Field Maintenance

Good field maintenance is essential when caring for your equine. There are a few things you can do yourself to manage your paddocks.

                        

 

  • Routinely check your fencing for damage and seek to get any broken fence repaired as soon as possible.

  • If your paddocks are close to a footpath then it is a good idea to check for any litter thrown into your paddock- bottles, crisp packets etc.

  • During the spring months start checking for ragwort rosettes and remove these immediately. Dispose of by burning.

  • Reseed any bare patches early on and section these areas off so your horse cannot disrupt the germination process. Ideally have your horse in a different paddock.

  • Rotate paddocks if possible, to give the ground/grass a chance to rest/replenish.

  • During the late summer months and autumn if you have oak trees near your fields then remove any dropped acorns. These, when eaten in large quantities, can lead to colic and poisoning.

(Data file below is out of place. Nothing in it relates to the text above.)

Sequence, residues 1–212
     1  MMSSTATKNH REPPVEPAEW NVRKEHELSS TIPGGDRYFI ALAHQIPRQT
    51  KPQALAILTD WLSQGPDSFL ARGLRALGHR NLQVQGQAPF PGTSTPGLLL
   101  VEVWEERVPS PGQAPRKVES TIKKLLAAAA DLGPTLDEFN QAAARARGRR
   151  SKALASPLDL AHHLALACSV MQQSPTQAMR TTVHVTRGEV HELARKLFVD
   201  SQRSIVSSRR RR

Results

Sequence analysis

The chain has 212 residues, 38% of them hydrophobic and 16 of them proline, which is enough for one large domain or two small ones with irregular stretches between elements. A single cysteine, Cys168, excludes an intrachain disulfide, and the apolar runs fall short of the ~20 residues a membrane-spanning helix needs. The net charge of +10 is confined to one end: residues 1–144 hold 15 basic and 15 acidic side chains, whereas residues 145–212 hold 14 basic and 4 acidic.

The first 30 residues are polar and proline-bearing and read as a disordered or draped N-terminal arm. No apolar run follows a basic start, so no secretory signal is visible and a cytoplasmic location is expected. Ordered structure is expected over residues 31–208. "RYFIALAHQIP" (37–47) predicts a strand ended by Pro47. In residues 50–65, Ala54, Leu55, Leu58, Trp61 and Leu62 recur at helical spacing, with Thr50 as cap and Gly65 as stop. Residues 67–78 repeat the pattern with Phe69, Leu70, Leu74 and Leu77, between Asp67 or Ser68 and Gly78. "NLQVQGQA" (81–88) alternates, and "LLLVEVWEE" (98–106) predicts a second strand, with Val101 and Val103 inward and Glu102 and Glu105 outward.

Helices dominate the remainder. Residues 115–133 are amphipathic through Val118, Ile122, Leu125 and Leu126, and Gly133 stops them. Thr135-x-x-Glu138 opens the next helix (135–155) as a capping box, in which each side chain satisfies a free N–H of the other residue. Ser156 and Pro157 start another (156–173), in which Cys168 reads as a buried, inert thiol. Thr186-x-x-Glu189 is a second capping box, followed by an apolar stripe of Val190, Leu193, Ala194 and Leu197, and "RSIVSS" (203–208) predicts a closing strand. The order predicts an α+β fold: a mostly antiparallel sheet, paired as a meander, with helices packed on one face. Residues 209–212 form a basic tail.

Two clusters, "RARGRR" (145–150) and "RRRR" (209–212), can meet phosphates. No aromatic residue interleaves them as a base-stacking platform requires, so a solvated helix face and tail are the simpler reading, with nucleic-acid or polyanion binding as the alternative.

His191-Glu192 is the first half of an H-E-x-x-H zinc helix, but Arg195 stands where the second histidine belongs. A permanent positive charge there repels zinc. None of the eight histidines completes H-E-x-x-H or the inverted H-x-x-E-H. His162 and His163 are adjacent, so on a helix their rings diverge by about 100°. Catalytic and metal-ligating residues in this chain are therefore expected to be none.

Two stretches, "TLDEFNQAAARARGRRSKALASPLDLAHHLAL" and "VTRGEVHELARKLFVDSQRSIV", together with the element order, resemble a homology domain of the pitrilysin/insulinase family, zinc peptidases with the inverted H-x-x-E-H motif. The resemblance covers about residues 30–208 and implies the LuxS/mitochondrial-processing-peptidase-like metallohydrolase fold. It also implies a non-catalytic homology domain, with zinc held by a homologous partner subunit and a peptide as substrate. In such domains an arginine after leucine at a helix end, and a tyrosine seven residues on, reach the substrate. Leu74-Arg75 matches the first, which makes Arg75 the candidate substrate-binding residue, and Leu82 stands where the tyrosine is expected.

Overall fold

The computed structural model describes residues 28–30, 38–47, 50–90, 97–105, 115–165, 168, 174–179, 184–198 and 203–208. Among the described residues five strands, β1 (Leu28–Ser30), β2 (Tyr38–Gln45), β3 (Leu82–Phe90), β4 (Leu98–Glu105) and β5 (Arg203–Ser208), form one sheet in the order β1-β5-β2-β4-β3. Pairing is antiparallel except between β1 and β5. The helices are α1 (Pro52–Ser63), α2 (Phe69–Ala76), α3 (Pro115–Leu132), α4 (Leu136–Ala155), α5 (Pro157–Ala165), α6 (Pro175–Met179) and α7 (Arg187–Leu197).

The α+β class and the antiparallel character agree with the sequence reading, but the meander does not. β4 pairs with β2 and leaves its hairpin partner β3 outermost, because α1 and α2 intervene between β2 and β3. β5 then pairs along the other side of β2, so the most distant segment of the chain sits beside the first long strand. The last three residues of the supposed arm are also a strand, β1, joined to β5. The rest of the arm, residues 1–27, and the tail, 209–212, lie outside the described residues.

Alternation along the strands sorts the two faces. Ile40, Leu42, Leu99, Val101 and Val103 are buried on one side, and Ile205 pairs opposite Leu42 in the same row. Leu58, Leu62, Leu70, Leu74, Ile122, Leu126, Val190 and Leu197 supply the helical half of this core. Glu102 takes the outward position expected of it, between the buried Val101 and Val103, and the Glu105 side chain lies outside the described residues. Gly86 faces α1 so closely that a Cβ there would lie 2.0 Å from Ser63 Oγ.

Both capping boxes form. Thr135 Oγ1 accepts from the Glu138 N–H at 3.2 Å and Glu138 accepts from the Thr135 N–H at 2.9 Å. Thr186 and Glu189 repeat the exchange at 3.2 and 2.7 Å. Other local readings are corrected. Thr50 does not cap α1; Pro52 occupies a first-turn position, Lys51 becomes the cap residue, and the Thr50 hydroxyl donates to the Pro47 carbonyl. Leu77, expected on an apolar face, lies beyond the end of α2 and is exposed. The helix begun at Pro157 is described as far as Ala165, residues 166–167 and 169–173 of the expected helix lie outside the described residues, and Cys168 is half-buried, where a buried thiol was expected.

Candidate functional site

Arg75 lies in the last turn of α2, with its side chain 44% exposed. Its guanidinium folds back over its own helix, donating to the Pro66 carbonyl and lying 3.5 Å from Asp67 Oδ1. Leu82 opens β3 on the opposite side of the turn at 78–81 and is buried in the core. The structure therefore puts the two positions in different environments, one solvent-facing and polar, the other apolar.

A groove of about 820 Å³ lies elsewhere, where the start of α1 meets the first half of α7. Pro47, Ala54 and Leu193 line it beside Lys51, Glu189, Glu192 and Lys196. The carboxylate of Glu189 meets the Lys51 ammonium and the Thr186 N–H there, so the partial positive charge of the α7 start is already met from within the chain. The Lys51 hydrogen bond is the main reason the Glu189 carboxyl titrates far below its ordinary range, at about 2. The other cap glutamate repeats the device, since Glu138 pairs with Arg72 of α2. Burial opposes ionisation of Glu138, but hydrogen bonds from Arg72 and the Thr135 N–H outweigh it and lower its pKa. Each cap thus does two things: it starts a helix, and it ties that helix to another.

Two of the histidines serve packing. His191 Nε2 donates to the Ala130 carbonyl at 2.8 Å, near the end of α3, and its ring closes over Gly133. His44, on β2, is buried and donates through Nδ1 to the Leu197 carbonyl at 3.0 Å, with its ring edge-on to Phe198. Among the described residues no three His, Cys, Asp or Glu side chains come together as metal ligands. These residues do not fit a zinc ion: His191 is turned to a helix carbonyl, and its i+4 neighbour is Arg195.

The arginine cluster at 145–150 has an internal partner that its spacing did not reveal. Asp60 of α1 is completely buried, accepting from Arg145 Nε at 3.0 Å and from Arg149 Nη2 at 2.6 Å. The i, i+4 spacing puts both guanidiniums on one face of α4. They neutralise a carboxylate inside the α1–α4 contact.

There are 3 types of mechanical maintenances that are good to invest in if possible. You may have the equipment to do this yourself, however, if you don’t then contacting a local farmer for assistance is a good way forward.

  • Topping- Topping increases new leaf growth and significantly decreases the chance for weeds to grow. Ideally topping should be done at least once a year in either the spring or summer. Horses must be kept in another paddock until the grass dries out or until it has been removed (some farmers have the equipment to remove the cut grass as they top the fields).
     

  • Harrowing- Harrowing removes lightly rooted leaves and dead grass from the base of fresh healthy grass. It can also be used to level out uneven ground.
     

  • Rolling- When the ground is dry it can benefit from rolling to even out uneven or rutted ground. Ideally you should never roll on wet ground as this can be detrimental for grass growth and potentially even the drainage of your paddock.

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